“I feel like I’m actually hurting patients with some scripts I write because I’m limited to the drugs their insurance will pay for, and if I write outside the formularies in order to give them the drug they actually need, patients do without because they can’t afford the medicines,” says one cardiologist who asked to remain anonymous for fear of insurance company backlash. Yet, the much-hailed, oft-hated “pay for performance” measurements reigned supreme.
According to Marc Schillerm, founder and Managing Partner of Rain Partners, LLC, a research, knowledge‐transfer and advisory services firm that serves biopharmaceutical and healthcare clients, the most significant technical developments fell into two primary areas:
1. The US Govt. “That’s right, I’m not kidding. 2008 has been a landmark year for the US government and its push to bring the benefits of technology to the healthcare arena,” he says. Two initiatives stand out in particular:
(a) The FDA’s Sentinel System/Initiative, a cooperative distributed database to track 100 million patients by 2012, has brought about a shift from PASSIVE to ACTIVE Pharmacovigilance (the fancy word for drug safety).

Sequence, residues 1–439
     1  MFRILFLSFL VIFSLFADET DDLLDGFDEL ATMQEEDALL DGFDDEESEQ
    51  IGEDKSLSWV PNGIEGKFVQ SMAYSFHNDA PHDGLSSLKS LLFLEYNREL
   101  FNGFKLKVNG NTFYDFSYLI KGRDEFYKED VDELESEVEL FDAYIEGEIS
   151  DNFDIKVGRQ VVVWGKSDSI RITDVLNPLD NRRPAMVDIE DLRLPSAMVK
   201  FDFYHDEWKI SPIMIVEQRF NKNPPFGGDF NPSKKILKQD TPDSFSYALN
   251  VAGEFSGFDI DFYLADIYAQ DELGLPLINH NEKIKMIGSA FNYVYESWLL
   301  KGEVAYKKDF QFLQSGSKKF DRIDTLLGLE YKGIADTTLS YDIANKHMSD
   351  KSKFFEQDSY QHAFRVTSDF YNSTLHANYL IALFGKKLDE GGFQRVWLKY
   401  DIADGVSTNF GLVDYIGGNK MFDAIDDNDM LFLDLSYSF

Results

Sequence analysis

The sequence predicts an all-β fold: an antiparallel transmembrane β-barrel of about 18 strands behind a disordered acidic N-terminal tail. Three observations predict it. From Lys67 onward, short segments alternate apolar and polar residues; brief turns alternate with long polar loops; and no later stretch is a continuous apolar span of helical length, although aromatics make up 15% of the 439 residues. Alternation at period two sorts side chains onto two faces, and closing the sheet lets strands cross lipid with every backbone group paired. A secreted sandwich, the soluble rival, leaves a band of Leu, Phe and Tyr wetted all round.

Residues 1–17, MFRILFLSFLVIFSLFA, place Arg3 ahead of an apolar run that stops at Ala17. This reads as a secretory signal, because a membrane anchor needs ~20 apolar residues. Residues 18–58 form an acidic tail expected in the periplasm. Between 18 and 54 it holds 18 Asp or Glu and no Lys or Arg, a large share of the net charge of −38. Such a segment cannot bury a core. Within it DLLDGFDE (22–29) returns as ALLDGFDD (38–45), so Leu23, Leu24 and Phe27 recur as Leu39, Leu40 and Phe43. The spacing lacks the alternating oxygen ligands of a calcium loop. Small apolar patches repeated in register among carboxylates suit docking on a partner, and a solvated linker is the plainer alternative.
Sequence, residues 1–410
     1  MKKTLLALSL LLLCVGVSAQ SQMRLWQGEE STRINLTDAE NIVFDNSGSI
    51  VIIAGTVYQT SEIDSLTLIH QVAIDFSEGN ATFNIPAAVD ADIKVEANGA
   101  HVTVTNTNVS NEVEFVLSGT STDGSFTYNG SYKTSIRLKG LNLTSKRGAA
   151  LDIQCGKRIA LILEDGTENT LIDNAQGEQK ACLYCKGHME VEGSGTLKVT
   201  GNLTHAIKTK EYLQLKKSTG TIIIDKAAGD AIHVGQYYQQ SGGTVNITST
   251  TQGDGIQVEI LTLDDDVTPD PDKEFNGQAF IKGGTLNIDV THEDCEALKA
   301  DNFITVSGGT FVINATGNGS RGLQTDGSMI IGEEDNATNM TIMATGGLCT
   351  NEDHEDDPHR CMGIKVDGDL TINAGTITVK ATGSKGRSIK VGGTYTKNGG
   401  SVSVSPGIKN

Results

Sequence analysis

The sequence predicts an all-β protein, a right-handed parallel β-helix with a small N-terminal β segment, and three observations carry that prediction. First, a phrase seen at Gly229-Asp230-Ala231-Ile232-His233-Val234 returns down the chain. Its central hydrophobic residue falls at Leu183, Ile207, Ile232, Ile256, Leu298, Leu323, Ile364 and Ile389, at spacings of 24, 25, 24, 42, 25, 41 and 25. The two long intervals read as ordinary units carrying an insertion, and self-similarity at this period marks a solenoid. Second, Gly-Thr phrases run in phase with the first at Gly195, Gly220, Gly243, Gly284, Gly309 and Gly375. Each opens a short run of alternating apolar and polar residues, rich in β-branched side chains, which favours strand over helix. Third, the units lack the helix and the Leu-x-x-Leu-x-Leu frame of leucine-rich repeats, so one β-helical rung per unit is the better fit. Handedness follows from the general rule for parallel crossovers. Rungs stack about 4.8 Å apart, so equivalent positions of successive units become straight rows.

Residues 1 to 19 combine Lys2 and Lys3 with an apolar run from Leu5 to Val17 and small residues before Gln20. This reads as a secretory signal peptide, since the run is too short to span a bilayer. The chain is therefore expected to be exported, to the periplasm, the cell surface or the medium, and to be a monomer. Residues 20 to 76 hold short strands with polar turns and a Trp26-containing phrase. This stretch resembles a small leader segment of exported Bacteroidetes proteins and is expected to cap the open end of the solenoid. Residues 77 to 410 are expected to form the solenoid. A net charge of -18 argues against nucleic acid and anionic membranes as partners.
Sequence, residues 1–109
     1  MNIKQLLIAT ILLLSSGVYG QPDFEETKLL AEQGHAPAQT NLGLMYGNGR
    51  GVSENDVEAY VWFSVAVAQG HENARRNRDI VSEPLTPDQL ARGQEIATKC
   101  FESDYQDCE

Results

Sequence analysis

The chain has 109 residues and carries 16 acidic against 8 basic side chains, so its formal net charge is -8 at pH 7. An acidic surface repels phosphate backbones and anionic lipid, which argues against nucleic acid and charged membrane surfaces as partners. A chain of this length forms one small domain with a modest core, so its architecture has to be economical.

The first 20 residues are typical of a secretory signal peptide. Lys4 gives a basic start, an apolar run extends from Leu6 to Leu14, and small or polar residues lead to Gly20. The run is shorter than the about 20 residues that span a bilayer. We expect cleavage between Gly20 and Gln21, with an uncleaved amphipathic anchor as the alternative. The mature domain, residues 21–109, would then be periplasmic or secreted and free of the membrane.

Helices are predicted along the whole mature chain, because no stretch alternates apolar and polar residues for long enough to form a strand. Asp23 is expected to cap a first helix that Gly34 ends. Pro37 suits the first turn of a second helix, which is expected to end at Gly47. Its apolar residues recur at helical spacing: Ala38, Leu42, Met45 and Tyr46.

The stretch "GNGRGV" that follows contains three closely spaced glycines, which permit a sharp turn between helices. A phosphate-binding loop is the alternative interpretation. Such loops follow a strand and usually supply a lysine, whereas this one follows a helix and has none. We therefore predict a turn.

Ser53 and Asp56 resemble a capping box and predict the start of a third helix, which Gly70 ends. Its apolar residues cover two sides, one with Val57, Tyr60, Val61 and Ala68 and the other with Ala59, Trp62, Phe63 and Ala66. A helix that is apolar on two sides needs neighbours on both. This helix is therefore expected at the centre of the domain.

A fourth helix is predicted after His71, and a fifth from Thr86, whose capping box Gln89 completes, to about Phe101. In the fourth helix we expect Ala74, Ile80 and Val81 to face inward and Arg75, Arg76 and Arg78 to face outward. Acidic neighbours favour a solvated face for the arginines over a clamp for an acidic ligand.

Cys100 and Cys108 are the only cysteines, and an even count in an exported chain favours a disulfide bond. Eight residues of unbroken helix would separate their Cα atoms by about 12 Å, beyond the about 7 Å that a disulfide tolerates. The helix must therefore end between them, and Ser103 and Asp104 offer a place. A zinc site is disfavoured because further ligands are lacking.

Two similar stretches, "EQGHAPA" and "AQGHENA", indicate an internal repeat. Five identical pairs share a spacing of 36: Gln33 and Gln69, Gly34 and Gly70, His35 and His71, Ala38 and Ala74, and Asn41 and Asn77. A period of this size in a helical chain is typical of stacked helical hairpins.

(b) ePrescribing to Medicare. With the US Govt in the lead, and an essentially free solution for physicians, we are now well on the way to reducing the incredible suffering due to preventable adverse events. Taken together these technologies will be saving lives, saving money and improving healthcare delivery for Americans. That’s a significant development.
2. The New Generation of Search Engines focused on Healthcare. “Plain old vanilla search as we know it will soon disappear in health and medical matters,” he says. 2008 has seen the introduction of several very different and very unique search engines that provide a completely new user experience. Two especially interesting engines to watch include: Helia and Medstory (purchased by Microsoft for 1.5 billion). Google has introduced sub-categorization and tags in health.
That’s the thing about change, it’s constant. And arguably better change is on the way in 2009.
Lorraine Fernandes, vice president and Healthcare Industry Ambassador at Initiate Systems, says the exchanging/sharing of information in 2008 “across the parking lot and down the road” has become a major market driver as a result of relaxation of the Stark law and the shift to consumer centric care and business models that are addressing physician connectivity and retention. She says this market driver specifically impacts portal and EMPI/Record Locator Service vendors as this technology is required. Additionally, because lab, radiology, medication and other clinical data will be viewed through portal technology, organizations have become more conscious of consumption of electronic or digitally imaged information.